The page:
Photograph courtesy Perrin March, Robinson Sotheby's International Realty
The first home on this Indian Hill site was a mid-1800s farmhouse built by first and second owners James Given and John Symmes Buckingham; it sat on hundreds of acres of wooded farmland and was named Wellridge.
Indian Hill lore holds that subsequent owners gradually modified Wellridge into the 11,146-square-foot home it is today, but the Hamilton County auditor dates the current structure back to only 1932—right around the same time then-owner Stockton Busby is said to have renamed the property Fairlea and upsized the place by building multiple additions and a columned front porch.
Either way, there’s so much new construction in Indian Hill today, it’s a treat to explore one of the Village’s older estates (never mind the 6,000-square-foot 2005 addition out back, which includes a first floor master suite and 12-seat movie theater. Plus candy counter. Plus candy.) The now 10-acre estate also includes a cement pool—allegedly one of the oldest in greater Cincinnati—a heated lap pool, tennis courts, a platform tennis court, a six-stall horse barn, a chicken coop that once housed turkeys, and a happy yellow guest cottage. Inside the main home, the entryway, with floating staircase and checkerboard tile floor, belies the grandeur beyond: a brick-floored solarium, a nearly 500-square-foot library, a huge kitchen-slash-family room addition (circa 1986), and that 2005 space, connected to the main home by a sizable and sparkling conservatory.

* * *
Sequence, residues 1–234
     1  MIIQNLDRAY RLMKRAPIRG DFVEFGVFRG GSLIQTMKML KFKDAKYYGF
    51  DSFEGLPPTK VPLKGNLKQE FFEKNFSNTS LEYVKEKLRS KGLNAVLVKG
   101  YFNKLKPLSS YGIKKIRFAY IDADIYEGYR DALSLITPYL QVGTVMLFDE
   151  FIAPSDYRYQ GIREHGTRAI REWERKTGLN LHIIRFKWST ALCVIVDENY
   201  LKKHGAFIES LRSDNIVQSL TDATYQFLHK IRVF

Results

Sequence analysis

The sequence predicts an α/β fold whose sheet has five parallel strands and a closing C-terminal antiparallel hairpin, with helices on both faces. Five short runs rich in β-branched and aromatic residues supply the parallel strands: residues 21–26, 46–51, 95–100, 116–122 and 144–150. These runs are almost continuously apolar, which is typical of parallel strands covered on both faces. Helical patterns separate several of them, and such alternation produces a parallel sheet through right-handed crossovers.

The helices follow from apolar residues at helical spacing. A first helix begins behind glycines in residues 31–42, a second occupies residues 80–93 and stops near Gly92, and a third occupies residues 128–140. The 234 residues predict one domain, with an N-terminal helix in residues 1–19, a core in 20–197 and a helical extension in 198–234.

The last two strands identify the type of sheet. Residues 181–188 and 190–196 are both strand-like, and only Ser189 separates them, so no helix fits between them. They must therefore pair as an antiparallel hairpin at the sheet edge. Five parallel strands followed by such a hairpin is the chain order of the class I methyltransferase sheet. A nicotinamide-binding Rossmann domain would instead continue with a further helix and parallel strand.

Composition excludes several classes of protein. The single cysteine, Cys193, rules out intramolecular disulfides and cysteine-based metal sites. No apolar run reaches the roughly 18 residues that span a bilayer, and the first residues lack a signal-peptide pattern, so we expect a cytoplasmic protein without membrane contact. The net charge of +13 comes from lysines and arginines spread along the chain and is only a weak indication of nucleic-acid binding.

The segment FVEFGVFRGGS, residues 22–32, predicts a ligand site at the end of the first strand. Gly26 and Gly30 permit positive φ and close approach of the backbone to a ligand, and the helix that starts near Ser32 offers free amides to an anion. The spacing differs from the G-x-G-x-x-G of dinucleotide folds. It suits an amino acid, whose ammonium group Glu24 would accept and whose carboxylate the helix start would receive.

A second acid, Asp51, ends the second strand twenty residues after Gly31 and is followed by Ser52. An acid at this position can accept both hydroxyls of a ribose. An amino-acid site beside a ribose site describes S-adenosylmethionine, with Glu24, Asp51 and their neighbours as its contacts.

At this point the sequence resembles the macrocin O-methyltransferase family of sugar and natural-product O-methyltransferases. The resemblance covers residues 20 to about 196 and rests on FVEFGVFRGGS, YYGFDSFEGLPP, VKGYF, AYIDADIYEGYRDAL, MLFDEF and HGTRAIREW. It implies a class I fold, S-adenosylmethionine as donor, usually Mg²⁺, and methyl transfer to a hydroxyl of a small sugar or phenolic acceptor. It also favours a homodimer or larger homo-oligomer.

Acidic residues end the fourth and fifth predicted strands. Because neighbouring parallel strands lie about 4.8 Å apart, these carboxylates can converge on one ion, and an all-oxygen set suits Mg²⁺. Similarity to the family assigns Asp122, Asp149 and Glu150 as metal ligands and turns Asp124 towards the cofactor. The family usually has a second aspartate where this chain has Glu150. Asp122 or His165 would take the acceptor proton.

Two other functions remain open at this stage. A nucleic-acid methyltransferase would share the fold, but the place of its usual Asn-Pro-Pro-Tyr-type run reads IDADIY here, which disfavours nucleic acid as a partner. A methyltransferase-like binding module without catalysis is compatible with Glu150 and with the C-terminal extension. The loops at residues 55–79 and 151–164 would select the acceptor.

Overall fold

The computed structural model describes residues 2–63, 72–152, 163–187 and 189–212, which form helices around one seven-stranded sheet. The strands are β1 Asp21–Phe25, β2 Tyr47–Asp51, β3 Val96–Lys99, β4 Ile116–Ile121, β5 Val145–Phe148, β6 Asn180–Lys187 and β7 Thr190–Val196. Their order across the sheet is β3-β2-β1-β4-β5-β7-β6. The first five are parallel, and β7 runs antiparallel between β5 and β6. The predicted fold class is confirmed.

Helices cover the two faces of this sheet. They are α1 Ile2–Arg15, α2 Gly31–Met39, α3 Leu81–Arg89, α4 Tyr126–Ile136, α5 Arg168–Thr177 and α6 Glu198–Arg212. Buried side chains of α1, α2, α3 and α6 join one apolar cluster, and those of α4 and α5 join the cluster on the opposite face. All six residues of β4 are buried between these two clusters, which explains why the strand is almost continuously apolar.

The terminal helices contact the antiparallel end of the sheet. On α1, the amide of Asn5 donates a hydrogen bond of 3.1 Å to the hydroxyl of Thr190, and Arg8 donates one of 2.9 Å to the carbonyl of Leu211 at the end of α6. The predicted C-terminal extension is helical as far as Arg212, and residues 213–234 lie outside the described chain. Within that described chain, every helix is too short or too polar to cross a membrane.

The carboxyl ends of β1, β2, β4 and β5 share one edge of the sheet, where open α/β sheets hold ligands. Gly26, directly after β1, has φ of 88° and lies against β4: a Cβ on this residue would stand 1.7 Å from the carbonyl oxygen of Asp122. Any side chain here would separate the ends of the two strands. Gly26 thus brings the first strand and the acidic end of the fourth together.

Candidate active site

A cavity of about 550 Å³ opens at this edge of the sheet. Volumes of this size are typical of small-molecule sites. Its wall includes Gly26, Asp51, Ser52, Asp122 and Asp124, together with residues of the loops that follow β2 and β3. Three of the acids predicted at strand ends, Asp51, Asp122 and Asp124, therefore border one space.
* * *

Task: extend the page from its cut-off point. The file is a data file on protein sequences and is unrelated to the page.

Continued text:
Owners of this property have ranged from Indian Hill namesakes and their descendants (Givens, Buckinghams, and Cunninghams) to a “millionaire energy magnate,” says listing agent Perrin March; visitors have included everyone from Union officers, who reportedly stayed on site during the Civil War, to actress Elizabeth Taylor. The bottom line on the home, says the current owner, is this: “If you’re social and love big parties, it’s perfect. If you want a retreat, it’s perfect. Whoever you are and whatever you want it to be, [that’s what] it is.”
We’re sold. Anyone have $3.69 million we could borrow?